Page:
By Elvia Rosa Castro
Nobody is perhaps aware of the fact that Nicholas Flamel, the famous French alchemist who affirms having discovered the Philosophal Stone in 1382, kept a manuscript, at the time of his death, revealing the antecedents of his alchemist practices as well as those of his book Hieroglyphica.
Flamel, wise man who could even read Latin, had received from his wife Perenela -not a clue of where she found it- a piece of work titled De Veritate… I do know something about its origins though.
Its author studied in Normandy, at the Bec monastery by the end of the XI century, he enjoyed manual arts and everything seems to confirm that he was a condiscipulus of the mystic Anselmo de Aosta.
Only one name, with an alias, appears at the -bright-gold- cover of the enigmatic manuscript: Baruch, the Atlantid.
De Veritate could not be a more impious and egocentric book: it quoted Arabs and Greeks, and Egyptians. And amongst them all, the one it quoted the most was Heraclitos, the one who initiated Philosophy -according to Hegel-; the one from the river which is never the same. But, above all, what fascinated Baruch was the conception of fire stated by the Jonian: “This world-order, the same of all, no god nor man did create, but it ever was and is and will be: everliving fire, kindling in measures and being quenched in measures”.
Would fire be the substance and the substance the Logos? Being so, fire would be Logos and therefore, incorporeous.
Pure symbol? As a matter of fact, if fire is Logos, it does not escape us or, more exactly, we are everliving fire.
The only thing left for Baruch to wonder about, in order to reach an enviable pantheism, was the being of its meditations, and laugh flooded the monastery right at a time when monks were not allowed to laugh: himself – man, human being, extension and thought- had been the object of his luminous insomnia:
God is the man and so the fire, substance allowing its purification, regeneration and transcendence.
This was the idea that, three centuries later, bewildered and seduced Nicholas Flamel.
After such reasoning, Baruch began what many historians would later call “archeology of the interior being”, always evading the word God, given the fact that -all determination is negation-.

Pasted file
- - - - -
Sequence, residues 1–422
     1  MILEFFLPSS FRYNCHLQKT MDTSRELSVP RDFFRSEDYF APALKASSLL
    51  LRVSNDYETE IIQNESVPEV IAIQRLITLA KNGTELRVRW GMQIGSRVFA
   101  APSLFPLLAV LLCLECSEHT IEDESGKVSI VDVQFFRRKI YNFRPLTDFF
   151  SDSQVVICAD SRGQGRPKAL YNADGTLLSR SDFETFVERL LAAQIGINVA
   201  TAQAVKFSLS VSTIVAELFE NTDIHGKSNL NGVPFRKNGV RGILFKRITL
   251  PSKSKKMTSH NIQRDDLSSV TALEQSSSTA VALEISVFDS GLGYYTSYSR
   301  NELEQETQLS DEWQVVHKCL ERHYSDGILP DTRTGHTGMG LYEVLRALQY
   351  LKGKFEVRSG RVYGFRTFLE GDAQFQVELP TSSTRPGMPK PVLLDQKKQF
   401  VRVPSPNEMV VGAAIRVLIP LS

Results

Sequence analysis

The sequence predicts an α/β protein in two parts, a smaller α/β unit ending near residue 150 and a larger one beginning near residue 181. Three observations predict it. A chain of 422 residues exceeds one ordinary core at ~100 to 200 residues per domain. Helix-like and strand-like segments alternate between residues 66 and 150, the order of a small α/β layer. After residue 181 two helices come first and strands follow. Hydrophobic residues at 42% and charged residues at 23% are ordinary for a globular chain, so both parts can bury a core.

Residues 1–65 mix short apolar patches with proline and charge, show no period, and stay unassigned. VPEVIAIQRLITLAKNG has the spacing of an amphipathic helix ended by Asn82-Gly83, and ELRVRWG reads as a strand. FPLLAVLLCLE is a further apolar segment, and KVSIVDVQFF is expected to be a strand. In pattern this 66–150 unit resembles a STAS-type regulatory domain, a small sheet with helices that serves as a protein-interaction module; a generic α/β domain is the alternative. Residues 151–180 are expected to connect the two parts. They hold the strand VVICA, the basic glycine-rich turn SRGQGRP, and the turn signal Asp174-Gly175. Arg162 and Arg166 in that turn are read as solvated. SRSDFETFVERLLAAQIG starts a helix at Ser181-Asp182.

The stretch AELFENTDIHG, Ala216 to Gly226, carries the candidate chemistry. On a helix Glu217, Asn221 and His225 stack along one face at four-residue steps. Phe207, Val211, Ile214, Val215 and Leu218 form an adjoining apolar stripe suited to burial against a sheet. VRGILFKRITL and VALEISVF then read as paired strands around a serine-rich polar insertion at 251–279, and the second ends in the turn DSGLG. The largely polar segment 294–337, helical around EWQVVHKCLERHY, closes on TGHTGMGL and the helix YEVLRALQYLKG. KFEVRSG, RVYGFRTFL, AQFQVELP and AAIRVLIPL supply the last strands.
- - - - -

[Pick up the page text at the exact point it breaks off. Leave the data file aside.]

Human existence, as a conceptual support, was tacking its lucubrations. What was really important for him was to be within the man; a factic man, placed in space and time, an Ioist man in anti-generic sense but, with aspirations of being present in all – pantheism returns-; and, the most important, moved by certain norms and ethical precepts that conjugate his will, vocation and perfectionist yearnings.
Now well, everything was under dictation of austerity and, in many cases, of abstinence. Of course!
This was one of the points of attraction for the French alchemist, of whom it is said, donated gold to public and benefic causes. Even when we will never know what really happened.
However, -and this can not be refuted- we will always find the fright of man when facing his own rational constructions, as well as his tools – arts perhaps – to be released from pavidity.
 “It is not possible to submerge twice in the same river or, to touch a deadly substance in the same state; according to the speed of movement, everything disperses and re-composes, everything comes and goes”,
 When Translated to Spanish, Baruch is Benito. There is a funny coincidence: Benítez belongs to the same family than Baruch or Benito; and Benítez is the Surname of a Cuban artist with exactly the same concerns than those of the Atlantid.
 This idea is present at the Cabala and then, at Spinoza’s work.
Published in the book El Observatorio de Línea. Repasos al Arte Cubano. UNIÓN Edit, Havana, 2008, Pp. 86-89.
Published at the catalogue of the exhibition One and a Thousand Eyes, Museum of Rum/ Habana Club Gallery, Havana.